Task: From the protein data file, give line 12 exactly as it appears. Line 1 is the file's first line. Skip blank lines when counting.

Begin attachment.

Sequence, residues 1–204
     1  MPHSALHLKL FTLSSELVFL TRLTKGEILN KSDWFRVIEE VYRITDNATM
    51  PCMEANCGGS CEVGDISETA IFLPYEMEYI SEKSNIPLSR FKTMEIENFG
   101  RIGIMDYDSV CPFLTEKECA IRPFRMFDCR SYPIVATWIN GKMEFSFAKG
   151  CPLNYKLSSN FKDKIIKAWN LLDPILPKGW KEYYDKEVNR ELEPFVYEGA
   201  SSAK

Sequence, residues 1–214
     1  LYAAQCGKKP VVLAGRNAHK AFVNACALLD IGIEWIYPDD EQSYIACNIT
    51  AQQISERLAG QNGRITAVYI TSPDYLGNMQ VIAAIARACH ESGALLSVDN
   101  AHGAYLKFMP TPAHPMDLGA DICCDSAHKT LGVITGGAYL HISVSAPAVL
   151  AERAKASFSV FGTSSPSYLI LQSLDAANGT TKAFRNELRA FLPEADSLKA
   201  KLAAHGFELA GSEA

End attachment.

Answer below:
   201  KLAAHGFELA GSEA